PC Software

Published on September 14th, 2019 | by Chris O'Connor

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Flowscape PC Review

Flowscape PC Review Chris O'Connor
Useability
Graphics
Audio

Summary: Create a world on a square.

4.3

Digital Terrarium


Many years ago, when I was growing up, I was fascinated by computer generated images. I grabbed copies of POV-Ray (which I just learnt still exists), Rhino and even saved up to buy myself a copy of 3D Studio Max 3 (with Character Studio). Then there was a program that came along called Bryce which was only interested in generating landscapes… typically people would use it to create scenes of far off planet surfaces, or Grand Canyonesque vistas. But those were then… now we have Flowscape.

Flowscape takes those past programs and somewhat mashes them together. Mostly resembling Bryce in that it is primarily focused around landscapes… but there’s a bit more to it. You begin with a square of land… these are provided as templates for you to work with and help get you off and running. Much like Bryce you can raise or lower the landscape, making water more or less visible. But then it gets more interesting and more powerful. You have an assortment of items you can place on the landscape from trees, bushes and other plants, to animals and buildings and other “scenic” elements. The way these are applied to the landscape is up to you… or you can let Flowscape figure it out using physics, that is to say you hover your “emitter” over where you want the item to be and let it drop to the ground to fall in a natural manner. This is great for making a believable landscape that is scattered with boulders etc and can be quite therapeutic to watch.

Animals also take on a life of their own when added to the landscape… I created a little world with a nice bit of forestry around… then I selected the butterfly option and started “releasing” them into my landscape only to watch them flitter around as if they were really in my green oasis. Being able to watch things like this happen as you create is a lovely touch and helps make the landscapes feel really alive.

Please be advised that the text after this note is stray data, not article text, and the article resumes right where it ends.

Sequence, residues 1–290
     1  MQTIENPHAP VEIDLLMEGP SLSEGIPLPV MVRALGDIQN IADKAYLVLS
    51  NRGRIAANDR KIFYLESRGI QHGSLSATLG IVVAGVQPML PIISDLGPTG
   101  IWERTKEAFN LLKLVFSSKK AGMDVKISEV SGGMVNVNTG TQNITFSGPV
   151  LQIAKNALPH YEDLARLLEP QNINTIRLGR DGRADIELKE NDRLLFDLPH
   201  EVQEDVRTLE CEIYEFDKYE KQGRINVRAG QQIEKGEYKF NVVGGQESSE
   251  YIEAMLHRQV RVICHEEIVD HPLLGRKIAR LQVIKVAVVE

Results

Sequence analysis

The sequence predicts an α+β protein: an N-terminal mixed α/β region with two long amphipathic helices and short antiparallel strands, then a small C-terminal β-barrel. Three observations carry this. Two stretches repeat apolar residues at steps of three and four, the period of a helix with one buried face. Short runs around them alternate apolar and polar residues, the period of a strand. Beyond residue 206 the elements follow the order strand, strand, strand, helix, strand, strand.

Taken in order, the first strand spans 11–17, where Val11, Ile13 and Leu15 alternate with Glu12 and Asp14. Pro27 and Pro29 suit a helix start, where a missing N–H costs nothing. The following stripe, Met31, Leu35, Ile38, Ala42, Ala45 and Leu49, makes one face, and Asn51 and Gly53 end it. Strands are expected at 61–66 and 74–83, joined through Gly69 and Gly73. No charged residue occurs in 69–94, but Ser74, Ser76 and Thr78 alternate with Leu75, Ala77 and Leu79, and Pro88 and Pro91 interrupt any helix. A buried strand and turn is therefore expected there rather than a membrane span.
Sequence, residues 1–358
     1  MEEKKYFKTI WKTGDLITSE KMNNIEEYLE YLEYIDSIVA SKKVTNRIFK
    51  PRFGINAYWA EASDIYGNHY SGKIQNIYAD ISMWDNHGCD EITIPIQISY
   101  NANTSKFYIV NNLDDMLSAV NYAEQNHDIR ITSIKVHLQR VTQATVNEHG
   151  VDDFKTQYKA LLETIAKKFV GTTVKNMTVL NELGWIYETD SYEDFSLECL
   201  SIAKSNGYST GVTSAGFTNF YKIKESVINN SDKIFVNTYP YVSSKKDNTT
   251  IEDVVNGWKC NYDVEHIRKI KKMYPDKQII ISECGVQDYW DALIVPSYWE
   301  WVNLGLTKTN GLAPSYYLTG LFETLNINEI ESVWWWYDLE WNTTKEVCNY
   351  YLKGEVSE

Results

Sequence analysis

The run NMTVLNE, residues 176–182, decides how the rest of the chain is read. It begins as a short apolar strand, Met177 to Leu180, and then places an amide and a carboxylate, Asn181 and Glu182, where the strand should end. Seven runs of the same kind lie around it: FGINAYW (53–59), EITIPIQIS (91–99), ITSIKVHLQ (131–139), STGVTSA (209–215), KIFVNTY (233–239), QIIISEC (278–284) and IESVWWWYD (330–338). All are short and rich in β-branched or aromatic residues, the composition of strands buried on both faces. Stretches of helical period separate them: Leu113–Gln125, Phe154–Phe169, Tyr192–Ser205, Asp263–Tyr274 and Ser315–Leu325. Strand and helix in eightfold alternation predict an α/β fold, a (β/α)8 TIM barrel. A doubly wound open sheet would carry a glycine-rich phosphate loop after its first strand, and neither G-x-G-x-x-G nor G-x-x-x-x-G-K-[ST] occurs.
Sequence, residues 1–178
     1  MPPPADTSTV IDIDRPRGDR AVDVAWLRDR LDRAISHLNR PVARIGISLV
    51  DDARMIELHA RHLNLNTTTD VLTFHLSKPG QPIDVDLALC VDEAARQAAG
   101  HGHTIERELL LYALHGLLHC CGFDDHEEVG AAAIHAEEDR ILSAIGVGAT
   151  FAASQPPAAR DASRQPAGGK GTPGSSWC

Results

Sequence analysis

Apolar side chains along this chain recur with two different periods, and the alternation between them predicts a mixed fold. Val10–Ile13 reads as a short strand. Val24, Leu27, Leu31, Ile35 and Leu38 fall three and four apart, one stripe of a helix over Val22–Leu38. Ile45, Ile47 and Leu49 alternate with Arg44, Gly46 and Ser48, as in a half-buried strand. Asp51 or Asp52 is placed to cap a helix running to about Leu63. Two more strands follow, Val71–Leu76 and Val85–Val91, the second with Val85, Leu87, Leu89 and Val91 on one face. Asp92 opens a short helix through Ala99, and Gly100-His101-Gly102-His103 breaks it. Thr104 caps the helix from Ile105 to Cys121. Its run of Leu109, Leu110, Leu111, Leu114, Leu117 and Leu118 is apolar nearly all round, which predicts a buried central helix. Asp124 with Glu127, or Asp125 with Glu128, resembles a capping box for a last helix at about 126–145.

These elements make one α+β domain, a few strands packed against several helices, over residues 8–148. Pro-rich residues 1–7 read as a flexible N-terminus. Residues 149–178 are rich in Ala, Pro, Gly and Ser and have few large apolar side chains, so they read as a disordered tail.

With the wide variety of items and options available, there’s a lot that you can do with Flowscape and most of it is pretty intuitive. The one thing that I found a little tricky was raising or lowering the land… you can use effectively “brushes” like in any paint program, so you can increase or decrease the area and strength of the effect… but what can be tricky is grabbing just the right part of land and getting it to shape just how you want. This is quite possibly a limitation of my skills with the program because there are many aspect to landscape editing and other elements that can be engaged such as smoothing and so on… but it was the part of world creation that slowed me down the most… the rest was pretty straight forward and easy to get good results from without much effort.

For the price I’d say this is a brilliant choice for people who might want to use it to help enhance their D&D gaming, or displaying of their 3D models. For everyone else… there’s still a very peaceful bit of pseudo Zen Gardening potential here. If you don’t have a “need” for it, maybe wait for a sale… but if it’s something you could use with other pursuits… I’d say grab a copy today.


About the Author

Father of four, husband of one and all round oddity. Gaming at home since about 1982 with a Sinclair ZX Spectrum. Moving on to the more traditional PC genre in the years that followed with the classic Jump Joe and Alley Cat. CGA, EGA, VGA and beyond PC's have been central to my gaming but I've also enjoyed consoles and hand helds along the way (who remembers the Atari Lynx?). Would have been actor/film maker, jack of many trades master of none.



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